2. We went into ‘isolation’. Once we were handed a mission packet, we were locked up in a secure compound. This was not only for security reasons, but also to allow us to focus with no distractions. While a 24/7 isolation might be extreme in the civilian world, it is possible to conduct a form of isolation. When in the key planning stages, do you limit outside distractors? As a writer, I sometimes rent an apartment or house in a different locale with no television, cable, internet or phone. It allows me to focus completely on the writing.
  3. Make contingency plans. What can go wrong, will go wrong. I was a bit taken aback reading Lone Survivor and the lack of mission planning and contingency planning that was conducted before that operation. One thing we always factored in was that we were going to be found by the indigenous personnel no matter where in the world we went. In isolation we “war-gamed” as many possibilities as we could imagine. And then planned for them. Even before isolation, we had a team Standing Operating Procedure that laid out many of our contingencies for stock situations. (More on SOPs in another post). Remember, it’s too late to plan for Murphy to visit, when he’s amongst you.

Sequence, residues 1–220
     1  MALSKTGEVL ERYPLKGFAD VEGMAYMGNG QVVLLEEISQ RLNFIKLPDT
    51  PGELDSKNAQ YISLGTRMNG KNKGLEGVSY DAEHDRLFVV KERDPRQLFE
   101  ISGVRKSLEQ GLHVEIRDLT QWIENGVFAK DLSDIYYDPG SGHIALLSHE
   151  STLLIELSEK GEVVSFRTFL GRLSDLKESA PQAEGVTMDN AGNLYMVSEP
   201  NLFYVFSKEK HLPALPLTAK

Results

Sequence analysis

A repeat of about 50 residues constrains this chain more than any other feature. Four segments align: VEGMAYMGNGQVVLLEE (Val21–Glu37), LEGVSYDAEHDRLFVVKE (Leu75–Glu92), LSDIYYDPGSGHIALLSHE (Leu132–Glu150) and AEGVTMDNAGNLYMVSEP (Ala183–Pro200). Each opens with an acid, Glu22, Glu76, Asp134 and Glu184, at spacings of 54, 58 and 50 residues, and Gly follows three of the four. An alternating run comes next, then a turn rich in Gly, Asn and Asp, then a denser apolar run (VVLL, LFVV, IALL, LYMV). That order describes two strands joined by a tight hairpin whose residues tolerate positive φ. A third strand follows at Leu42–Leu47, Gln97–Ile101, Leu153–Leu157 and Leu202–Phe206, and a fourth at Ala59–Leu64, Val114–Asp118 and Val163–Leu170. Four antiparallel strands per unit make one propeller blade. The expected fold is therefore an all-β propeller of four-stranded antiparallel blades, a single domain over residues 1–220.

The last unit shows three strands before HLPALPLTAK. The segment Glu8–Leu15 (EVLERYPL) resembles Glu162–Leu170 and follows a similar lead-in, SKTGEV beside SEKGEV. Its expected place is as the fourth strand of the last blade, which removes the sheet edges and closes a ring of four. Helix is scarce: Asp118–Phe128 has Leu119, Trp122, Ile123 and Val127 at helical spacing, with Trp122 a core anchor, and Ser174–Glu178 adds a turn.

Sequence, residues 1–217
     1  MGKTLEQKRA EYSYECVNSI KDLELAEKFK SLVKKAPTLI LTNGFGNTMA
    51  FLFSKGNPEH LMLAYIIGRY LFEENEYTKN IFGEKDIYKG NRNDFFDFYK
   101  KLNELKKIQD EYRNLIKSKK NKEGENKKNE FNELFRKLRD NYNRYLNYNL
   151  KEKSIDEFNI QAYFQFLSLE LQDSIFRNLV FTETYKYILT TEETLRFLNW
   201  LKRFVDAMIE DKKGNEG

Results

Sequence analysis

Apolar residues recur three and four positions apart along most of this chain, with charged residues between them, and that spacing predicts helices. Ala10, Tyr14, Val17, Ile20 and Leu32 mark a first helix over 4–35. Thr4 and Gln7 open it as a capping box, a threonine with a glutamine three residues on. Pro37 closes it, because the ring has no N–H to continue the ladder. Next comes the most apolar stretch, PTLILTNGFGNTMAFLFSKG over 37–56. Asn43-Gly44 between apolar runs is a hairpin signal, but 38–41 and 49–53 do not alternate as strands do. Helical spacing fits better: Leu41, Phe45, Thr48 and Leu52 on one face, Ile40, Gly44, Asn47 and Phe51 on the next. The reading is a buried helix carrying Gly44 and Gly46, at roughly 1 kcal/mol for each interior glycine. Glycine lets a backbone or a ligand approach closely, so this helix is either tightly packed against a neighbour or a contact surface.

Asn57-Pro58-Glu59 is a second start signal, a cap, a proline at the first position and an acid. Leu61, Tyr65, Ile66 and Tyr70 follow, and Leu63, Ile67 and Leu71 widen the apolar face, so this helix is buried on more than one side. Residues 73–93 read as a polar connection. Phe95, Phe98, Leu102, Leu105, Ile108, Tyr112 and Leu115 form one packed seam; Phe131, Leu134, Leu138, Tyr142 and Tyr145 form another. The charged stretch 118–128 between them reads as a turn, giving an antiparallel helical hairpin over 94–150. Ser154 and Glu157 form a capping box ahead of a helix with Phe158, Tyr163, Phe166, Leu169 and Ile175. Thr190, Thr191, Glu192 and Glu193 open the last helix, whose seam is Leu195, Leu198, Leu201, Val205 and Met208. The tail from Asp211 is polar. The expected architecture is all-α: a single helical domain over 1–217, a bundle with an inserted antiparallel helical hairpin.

4. Rehearse. Then rehearse some more. And then more. And make sure everyone is cross-trained so that if only one member of the A-Team makes it to the target, then he can achieve the mission. There is no substitute for rehearsal. Think of sport’s teams: they call rehearsal ‘practice.’ And make sure your rehearsals are as realistic as possible. There were times our training was more dangerous than the actual mission. But there is no substitute for rehearsal. And prioritize your rehearsals based on time available. We always started with ‘actions on the objective’, which was the mission and then worked backward from that.